Benalla Veterinary Clinic

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'Caring for your animals like family',

Common Cattle Diseases

This page contains information for farmers on a number of commonly occurring cattle diseases.

 

 

 

 

 

 

 

 

 

 

1.  Grass Tetany

Grass tetany is a highly fatal disease of all classes of ruminants. Typically the first indications of grass tetany are a sudden onset of anxiety, muscle tremors, and an extreme sensitivity to touch or sudden noises. Many of these animals are found down in the paddock unable to rise, or dead. Subclinical cases are much harder to detect and may simply present as ill-thrifty animals with a slight tremor and/or depressed milk yield.

There are many risk factors which can contribute to the occurrence of grass tetany, such as:

  • grass dominant pastures, especially cool season grasses which are most hazardous due to their low magnesium content, or when broadleaf weeds are sprayed out and grasses dominate
  • early growing season, especially during rapid growth after cold, wet weather
  • local soil types
  • excessive use of potassium based fertilisers (potassium competes with magnesium for absorption)
  • partial starvation, eg. unpalatable feeds
  • cold, wet, windy weather
  • any form of stress when magnesium levels are lower than normal. Stress from cold, wet weather, mustering, yarding, trucking, starvation and being on heat can bring grass tetany on.
  • scours (feed moves through the gut too quickly for the magnesium to be absorbed adequately)
  • older cows with young calves are most susceptible

Importantly, one or two clinical cases are often indicative of a widespread magnesium deficiency in the herd.  Blood testing susceptible herds is recommended.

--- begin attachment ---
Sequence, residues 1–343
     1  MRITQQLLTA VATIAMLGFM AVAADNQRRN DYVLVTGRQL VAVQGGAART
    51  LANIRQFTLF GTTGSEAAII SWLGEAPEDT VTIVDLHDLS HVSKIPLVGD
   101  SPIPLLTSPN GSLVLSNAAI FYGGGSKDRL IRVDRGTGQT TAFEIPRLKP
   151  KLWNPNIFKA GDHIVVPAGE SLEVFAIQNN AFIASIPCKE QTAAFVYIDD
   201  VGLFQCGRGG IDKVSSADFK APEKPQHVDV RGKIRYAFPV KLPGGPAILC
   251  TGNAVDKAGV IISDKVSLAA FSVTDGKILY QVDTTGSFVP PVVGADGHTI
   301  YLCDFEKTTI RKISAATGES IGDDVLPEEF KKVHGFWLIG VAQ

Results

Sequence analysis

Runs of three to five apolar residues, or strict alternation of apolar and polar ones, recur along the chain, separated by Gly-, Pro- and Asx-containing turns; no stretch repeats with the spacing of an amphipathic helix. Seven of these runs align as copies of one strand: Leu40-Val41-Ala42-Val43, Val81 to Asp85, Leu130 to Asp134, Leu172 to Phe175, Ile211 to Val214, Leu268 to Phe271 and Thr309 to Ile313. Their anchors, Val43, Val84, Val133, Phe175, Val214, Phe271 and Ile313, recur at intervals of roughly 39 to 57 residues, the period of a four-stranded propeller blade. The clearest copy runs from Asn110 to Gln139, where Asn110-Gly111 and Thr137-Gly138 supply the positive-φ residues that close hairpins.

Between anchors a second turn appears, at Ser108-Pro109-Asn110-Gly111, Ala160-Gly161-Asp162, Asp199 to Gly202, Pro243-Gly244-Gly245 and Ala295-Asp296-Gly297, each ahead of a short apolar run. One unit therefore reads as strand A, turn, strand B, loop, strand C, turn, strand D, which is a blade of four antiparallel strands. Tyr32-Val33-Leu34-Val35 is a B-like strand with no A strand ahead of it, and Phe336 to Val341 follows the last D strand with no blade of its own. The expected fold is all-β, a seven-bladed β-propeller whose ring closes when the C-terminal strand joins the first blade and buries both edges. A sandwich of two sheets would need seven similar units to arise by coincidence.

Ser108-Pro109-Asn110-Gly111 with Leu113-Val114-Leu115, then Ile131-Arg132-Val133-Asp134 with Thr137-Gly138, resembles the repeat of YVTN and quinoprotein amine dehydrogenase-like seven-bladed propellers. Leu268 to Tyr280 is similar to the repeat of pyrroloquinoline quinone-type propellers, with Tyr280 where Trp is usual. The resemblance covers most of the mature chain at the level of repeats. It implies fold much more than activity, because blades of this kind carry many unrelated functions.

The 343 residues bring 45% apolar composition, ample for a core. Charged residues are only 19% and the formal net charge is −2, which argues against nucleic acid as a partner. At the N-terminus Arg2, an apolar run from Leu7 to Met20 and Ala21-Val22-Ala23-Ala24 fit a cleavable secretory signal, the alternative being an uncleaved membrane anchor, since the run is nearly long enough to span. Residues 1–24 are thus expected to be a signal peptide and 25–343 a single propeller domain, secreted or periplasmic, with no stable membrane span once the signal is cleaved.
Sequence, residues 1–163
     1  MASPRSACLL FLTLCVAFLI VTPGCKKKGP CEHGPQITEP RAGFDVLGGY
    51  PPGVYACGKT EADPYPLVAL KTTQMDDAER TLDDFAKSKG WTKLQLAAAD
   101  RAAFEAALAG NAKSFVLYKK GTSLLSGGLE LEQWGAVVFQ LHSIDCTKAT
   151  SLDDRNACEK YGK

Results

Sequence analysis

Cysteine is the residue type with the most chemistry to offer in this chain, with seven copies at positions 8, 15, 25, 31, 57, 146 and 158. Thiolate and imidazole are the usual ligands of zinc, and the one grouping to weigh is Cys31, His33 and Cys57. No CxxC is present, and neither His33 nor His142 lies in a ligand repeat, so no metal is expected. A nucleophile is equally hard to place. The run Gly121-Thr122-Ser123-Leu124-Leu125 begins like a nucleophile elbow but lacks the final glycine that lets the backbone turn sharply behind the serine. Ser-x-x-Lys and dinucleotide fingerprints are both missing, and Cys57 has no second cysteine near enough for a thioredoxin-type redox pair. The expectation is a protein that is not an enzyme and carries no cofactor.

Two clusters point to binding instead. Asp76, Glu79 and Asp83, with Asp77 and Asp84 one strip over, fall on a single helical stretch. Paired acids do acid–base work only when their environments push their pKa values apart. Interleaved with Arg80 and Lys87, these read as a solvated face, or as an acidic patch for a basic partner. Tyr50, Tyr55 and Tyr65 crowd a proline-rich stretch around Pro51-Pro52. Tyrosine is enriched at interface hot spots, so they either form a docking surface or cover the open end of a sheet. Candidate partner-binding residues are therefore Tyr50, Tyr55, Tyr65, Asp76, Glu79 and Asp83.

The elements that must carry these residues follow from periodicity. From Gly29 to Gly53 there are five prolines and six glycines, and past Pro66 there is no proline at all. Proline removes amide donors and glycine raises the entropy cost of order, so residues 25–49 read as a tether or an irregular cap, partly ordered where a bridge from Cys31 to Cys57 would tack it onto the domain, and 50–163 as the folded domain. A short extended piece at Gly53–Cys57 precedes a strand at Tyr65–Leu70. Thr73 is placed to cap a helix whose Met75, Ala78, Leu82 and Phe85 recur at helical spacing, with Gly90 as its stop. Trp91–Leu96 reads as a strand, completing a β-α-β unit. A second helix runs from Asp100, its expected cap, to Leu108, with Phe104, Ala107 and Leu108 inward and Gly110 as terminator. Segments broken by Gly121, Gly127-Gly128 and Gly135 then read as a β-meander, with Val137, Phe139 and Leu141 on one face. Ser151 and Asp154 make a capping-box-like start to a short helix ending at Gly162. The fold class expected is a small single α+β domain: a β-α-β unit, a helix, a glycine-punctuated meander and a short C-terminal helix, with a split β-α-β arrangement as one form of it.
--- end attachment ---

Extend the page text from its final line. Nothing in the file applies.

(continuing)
Treatment is based around replacing the magnesium to re-establish a normal balance. Plastic pouches of magnesium sulphate solution and 4in1 are available and are useful therapies. These may be given subcutaneously (under the skin), or into a vein (preferably by a veterinarian) - extreme care must be taken as intravenous treatment can lead to a lethal overdose. Too much given too quickly is likely to lead to serious and potentially fatal cardiac and respiratory irregularities. In the vein treatments are generally considered a veterinary procedure because of this risk of death.

 

Prevention - can be achieved by one of the following supplementation methods. 

Dietary supplementation of magnesium at a daily rate of at least 60g of magnesium/head/day can be achieved by:

  • mixing with hay is most effective method - either poured as a slurry into hay, sprayed on or mixed as powder - e.g. Causmag (MgO) sprayed onto hay @ 0.25kg per 25kg bale with or without the addition of 2% molasses
  • Causmag-treated grain, ie 35kg Oats, 6kg Causmag, 2L water, 3kg Molasses will supplement 100 cows for 1 day
  • Drenching – although labour intensive
  • magnesium 'bullets' which gradually dissolve in the stomach over a period of about 3 months
  • pasture top-dressed with magnesium rich fertilisers
  • supplementation in drinking water – Epsom salts (MgCl) at 3g/L  Only useful where surface water is not available to stock
  • mineral blocks/'salt licks' - depending upon the block often requires 1 block/10cattle/9days.

The class of animals affected and local knowledge will aid in choosing the most suitable treatment - if you have any queries simply contact us here at the clinic.  It can take 2 - 3 days before stock are protected.  

Additional control measures include avoiding short periods of starvation and stressful procedures, restricting use of high potassium (K) fertilisers in problem areas and providing shelter and supplements in cold, wet, windy conditions. Also avoid moving cattle in the last 6 weeks of pregnancy.

Remember - Adult cattle are not the only stock that may be affected

CALVES- usually occurs in calves 2-4 months of age that are fed exclusively on whole milk. The presence of scours can also increase incidence. Clinical signs are similar to that of adults however this disease is far less common.

SHEEP- recorded in any class of sheep, particularly wethers on young, green cereal crops or good milking ewes raising fat lambs. Clinically they look similar to Phalaris grass staggers. Prevention involves supplementation of about 7g magnesium/day as described for cattle.

 

More information articles to follow (under development)

2. Ketosis

3. Fatty Liver Syndrome

4. Milk Fever

 

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